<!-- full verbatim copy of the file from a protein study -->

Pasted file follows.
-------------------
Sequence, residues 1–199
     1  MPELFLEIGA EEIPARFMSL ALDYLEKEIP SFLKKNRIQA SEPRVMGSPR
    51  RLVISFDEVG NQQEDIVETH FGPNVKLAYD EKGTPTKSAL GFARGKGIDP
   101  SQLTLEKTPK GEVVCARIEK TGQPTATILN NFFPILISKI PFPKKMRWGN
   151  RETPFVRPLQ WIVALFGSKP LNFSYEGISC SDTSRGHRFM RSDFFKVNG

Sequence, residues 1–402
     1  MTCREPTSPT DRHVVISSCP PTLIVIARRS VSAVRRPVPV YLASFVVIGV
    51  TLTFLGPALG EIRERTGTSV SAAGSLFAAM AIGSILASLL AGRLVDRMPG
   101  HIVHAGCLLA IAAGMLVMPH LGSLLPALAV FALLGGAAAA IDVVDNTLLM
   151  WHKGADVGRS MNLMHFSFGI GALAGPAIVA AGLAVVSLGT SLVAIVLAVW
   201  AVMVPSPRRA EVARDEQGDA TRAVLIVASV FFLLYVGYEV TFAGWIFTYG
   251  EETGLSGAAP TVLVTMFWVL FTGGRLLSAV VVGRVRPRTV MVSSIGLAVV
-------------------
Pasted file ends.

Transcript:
Sequence, residues 1–199
     1  MPELFLEIGA EEIPARFMSL ALDYLEKEIP SFLKKNRIQA SEPRVMGSPR
    51  RLVISFDEVG NQQEDIVETH FGPNVKLAYD EKGTPTKSAL GFARGKGIDP
   101  SQLTLEKTPK GEVVCARIEK TGQPTATILN NFFPILISKI PFPKKMRWGN
   151  RETPFVRPLQ WIVALFGSKP LNFSYEGISC SDTSRGHRFM RSDFFKVNG

Sequence, residues 1–402
     1  MTCREPTSPT DRHVVISSCP PTLIVIARRS VSAVRRPVPV YLASFVVIGV
    51  TLTFLGPALG EIRERTGTSV SAAGSLFAAM AIGSILASLL AGRLVDRMPG
   101  HIVHAGCLLA IAAGMLVMPH LGSLLPALAV FALLGGAAAA IDVVDNTLLM
   151  WHKGADVGRS MNLMHFSFGI GALAGPAIVA AGLAVVSLGT SLVAIVLAVW
   201  AVMVPSPRRA EVARDEQGDA TRAVLIVASV FFLLYVGYEV TFAGWIFTYG
   251  EETGLSGAAP TVLVTMFWVL FTGGRLLSAV VVGRVRPRTV MVSSIGLAVV